1. Limited time only! Sign up for a free 30min personal tutor trial with Chegg Tutors
    Dismiss Notice
Dismiss Notice
Join Physics Forums Today!
The friendliest, high quality science and math community on the planet! Everyone who loves science is here!

Complex exponential function

  1. Mar 16, 2007 #1
    good evening all!

    1. The problem statement, all variables and given/known data

    Determine the exact values of

    2. Relevant equations

    j = sauare root of -1

    3. The attempt at a solution

    stuck :cry: :cry: :cry:
    Last edited by a moderator: Jan 3, 2014
  2. jcsd
  3. Mar 16, 2007 #2


    User Avatar
    Staff Emeritus
    Science Advisor
    Gold Member

    What do you know about the complex exponential function? Surely your text has some information you can apply.
  4. Mar 16, 2007 #3
  5. Mar 16, 2007 #4
    i'm still stuck
  6. Mar 16, 2007 #5
    okay this is what i did:


    i know this looks crazy but i still don't know how to use latex properly :redface: ...if you copy it out on a paper you'll understand what i'm trying to write...then i multiplied -1 with the 1/2...i can do that right?
  7. Mar 16, 2007 #6

    matt grime

    User Avatar
    Science Advisor
    Homework Helper

    YOu won't get the answer that way (since it doesn't deal with branches properly).

    Complex numbers have representations as r*exp(jt) for r, j in R. Use it.
  8. Mar 16, 2007 #7
    does exp(-2pi) = -1
  9. Mar 16, 2007 #8
    no it doesn't

    wait no one give me any tips i think i can solve it
  10. Mar 16, 2007 #9

    matt grime

    User Avatar
    Science Advisor
    Homework Helper

    No. If you must, put it in your calculator, but e^{-2pi} is obviously a positive real number, and something in the region of 1/2^64.
  11. Mar 16, 2007 #10

    matt grime

    User Avatar
    Science Advisor
    Homework Helper

    solve what? exp(-2pi) is right. It just isn't anything nicer than that.
  12. Mar 16, 2007 #11
    okay...i was about to say i'm stuck again but now i know that my teacher is crazy...but just to make sure [tex]j^j[/tex] doesn't equal -1...does it?

    ( [tex]j^j[/tex] <--that is almost the only thing i can write in latex form)
    Last edited: Mar 16, 2007
  13. Mar 16, 2007 #12
    yes it does
  14. Mar 16, 2007 #13

    matt grime

    User Avatar
    Science Advisor
    Homework Helper

    no it doesn't. j (or i) is exp(j*pi/2) so j^j is..... You can even google the phrase

    i to the i



    and you'll be given the answer by google calculator.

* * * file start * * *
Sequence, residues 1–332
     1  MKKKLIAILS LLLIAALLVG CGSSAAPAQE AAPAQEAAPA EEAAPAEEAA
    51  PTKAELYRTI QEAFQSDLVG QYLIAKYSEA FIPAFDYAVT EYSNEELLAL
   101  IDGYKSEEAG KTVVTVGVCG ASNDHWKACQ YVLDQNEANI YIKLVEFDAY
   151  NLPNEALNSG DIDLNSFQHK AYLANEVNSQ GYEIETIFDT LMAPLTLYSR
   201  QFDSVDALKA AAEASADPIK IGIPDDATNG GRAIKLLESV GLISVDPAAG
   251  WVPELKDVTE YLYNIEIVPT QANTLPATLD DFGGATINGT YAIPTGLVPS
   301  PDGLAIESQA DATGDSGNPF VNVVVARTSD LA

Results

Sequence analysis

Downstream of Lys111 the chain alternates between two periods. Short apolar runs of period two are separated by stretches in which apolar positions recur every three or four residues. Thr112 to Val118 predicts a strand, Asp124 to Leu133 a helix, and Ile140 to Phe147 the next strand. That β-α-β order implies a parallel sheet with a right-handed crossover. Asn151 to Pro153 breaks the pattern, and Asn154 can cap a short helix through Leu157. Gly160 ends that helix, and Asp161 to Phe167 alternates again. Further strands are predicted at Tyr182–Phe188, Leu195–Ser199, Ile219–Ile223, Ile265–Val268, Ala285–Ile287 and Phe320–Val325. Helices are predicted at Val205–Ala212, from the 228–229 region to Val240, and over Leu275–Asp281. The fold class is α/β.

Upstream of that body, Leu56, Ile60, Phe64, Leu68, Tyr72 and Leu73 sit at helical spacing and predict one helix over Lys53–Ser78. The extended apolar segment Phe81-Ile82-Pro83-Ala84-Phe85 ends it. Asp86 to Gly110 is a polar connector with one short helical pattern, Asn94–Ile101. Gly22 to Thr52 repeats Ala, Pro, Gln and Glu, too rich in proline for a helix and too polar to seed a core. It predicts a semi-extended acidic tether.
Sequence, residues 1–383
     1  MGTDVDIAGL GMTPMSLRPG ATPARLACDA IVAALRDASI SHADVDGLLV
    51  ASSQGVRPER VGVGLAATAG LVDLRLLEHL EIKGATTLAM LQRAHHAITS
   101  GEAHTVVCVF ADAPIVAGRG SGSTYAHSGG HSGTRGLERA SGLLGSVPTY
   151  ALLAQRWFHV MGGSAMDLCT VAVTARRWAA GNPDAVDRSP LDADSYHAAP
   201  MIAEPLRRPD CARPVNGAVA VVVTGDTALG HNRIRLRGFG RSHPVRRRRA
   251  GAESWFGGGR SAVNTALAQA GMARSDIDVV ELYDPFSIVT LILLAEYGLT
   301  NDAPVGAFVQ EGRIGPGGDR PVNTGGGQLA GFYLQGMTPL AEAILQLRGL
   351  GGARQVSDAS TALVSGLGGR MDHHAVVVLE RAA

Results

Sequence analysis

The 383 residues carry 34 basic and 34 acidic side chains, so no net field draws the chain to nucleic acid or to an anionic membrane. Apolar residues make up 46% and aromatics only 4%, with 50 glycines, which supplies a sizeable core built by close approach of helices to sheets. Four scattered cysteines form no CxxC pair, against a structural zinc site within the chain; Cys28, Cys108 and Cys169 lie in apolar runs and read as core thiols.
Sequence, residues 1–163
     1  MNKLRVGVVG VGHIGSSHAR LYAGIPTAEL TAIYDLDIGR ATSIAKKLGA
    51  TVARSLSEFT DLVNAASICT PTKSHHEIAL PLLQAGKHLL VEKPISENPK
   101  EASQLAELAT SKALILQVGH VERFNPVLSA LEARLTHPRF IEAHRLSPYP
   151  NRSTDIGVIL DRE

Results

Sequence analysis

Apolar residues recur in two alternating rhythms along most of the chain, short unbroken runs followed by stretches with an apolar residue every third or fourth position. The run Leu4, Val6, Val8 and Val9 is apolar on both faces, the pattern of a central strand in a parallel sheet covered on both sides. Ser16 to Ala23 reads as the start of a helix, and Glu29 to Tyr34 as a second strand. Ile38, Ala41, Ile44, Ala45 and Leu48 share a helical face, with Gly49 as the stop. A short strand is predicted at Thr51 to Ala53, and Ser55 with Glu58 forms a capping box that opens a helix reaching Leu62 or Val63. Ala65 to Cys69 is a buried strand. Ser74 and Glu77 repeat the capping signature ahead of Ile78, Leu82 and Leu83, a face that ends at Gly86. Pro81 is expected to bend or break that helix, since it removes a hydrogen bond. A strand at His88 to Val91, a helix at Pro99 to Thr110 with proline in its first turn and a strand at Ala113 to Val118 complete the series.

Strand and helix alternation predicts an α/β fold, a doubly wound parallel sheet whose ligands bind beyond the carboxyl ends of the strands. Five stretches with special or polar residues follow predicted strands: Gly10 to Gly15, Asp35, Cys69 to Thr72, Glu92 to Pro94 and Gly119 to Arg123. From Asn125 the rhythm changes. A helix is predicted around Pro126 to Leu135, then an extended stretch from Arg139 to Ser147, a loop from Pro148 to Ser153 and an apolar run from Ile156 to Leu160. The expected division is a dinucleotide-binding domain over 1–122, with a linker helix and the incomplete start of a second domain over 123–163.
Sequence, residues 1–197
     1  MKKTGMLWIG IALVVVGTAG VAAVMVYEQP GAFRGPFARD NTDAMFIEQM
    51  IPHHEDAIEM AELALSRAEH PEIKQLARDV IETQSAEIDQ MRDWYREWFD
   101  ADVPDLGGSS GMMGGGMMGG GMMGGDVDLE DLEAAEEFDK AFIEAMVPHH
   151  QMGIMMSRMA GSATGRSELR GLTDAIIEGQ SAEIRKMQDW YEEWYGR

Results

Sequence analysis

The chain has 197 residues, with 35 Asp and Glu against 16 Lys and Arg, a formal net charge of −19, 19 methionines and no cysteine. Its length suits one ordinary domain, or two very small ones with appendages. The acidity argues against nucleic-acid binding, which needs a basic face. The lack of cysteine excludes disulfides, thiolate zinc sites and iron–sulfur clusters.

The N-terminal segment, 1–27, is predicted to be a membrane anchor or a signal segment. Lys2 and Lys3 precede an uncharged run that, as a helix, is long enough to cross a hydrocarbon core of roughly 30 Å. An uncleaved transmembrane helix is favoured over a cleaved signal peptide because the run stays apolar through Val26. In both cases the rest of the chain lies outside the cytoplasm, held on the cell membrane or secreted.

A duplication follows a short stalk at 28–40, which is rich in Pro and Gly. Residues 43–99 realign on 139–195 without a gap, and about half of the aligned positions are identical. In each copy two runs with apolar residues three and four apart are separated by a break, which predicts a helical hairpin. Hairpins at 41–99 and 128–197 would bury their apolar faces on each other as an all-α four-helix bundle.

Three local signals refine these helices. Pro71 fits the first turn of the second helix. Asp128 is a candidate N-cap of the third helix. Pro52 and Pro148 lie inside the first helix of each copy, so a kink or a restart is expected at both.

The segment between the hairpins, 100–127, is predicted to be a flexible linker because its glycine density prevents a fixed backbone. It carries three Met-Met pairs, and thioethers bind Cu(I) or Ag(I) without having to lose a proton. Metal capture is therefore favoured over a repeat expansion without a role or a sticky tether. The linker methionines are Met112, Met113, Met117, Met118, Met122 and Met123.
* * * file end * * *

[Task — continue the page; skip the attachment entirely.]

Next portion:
Interesting googling j^j doesn't yield the answer. Google obviously doesn't employ engineering grads.
  15. Mar 16, 2007 #14
    my teacher is very very clever man and he said that the answer is -1 but he didn't use any of the complex number rules...he did something else! and he got -1

    sorry i used this formula to show that it does equal -1:

    r[cos(O) + jsin(O)] = rexp(jO)

    and in my desperate want to get this question right i didn't see the j next to the O, and so after i substituted the numbers i'm obviously going to get -1...never mind!

    ( O = theta)

    using your advice i went on google and thank god for wikipedia i got the answer...and i understand this time (for a change)

    you know i'm still stuck on that bernoulli number question...for B_3 you're supposed to get zero i actually got a number
  16. Mar 16, 2007 #15

    matt grime

    User Avatar
    Science Advisor
    Homework Helper

    Well keep trying 'til you do get zero. x/(e^x-1) differentiate it three times... eugh, no thanks. Do it the smarter way - sub in e^x first, then do the 1/(1-s) expansion. collect terms and you get

    -1/4! + 2/2!3! - (1/2!)^3 = -1/24+1/6-1/8=0

    (and when did 0 cease to be a number?)
  17. Mar 16, 2007 #16

    [tex]j^j=e^{j\cdot jx}=e^{-x}[/tex]

    so what should be the answer? (certainly not -1)
    Last edited: Mar 16, 2007
  18. Mar 16, 2007 #17
    i took your advice ( i kinda knew it anyway) but i'm going to write out in full what i did:

    [tex]e^x[/tex] = 1 + x + [tex]x^2[/tex]/2! + [tex]x^3[/tex]/3! + ...

    [tex]e^x[/tex] - 1 = x + [tex]x^2[/tex]/2! + [tex]x^3[/tex]/3! + ...

    x/([tex]e^x[/tex] - 1) = x/(x + [tex]x^2[/tex]/2! + [tex]x^3[/tex]/3! + ...)

    divid top and bottom by x => 1/(1 + x/2! + [tex]x^2[/tex]/3! + ...)

    (1+ x/2! + [tex]x^2[/tex]/3! + [tex]x^3[/tex]/4! +...)^(-1)

    let x/2! + [tex]x^2[/tex]/3! + [tex]x^3[/tex]/4! +.. = X

    (1 + X)^(-1) = 1- X + [((-1)(-2))/2!] [tex]X^2[/tex] +...

    so (1+ x/2! + [tex]x^2[/tex]/3! + [tex]x^3[/tex]/4! +...)^(-1) = 1 - x/2! - [tex]x^2[/tex]/3! - [tex]x^3[/tex]/3! -...((-1)(-2))/2!(X)^2 +...

    so B_1 =-1/2, B_2= -1/3!, B_3 = -1/4!.

    B_2 and B_3 are obviously wrong but i don't know where i'm going wrong???
    Last edited: Mar 16, 2007
  19. Mar 16, 2007 #18
    yes, okay, cheers, i get the picture :rolleyes:

    :biggrin: (<-- this is my favourite smiley)
  20. Mar 16, 2007 #19

    matt grime

    User Avatar
    Science Advisor
    Homework Helper

    Why does B_2=-1/3? What happend to the higher powers of X (a bad choice. Y would be better). You have only take the contribution from X^1, not X^2 or higher.

    and 1/(1+s) is 1-s+s^2-s^3+s^4+...

    Now put s = x/2!+x^2/3!+x^3/4!+...
    Last edited: Mar 16, 2007
  21. Mar 16, 2007 #20
    i still get a negative for B_2 i know what the answer is uppossed to be but i just can't see how...if i don't see why i don't sleep well!

    i'm tired, you know i'm just going to live with the fact that i'm never going to get this question...

    the thing is there is a minus outside the s and s^2 and the rest don't matter...


    thank you very much for your time and help!!!
Know someone interested in this topic? Share this thread via Reddit, Google+, Twitter, or Facebook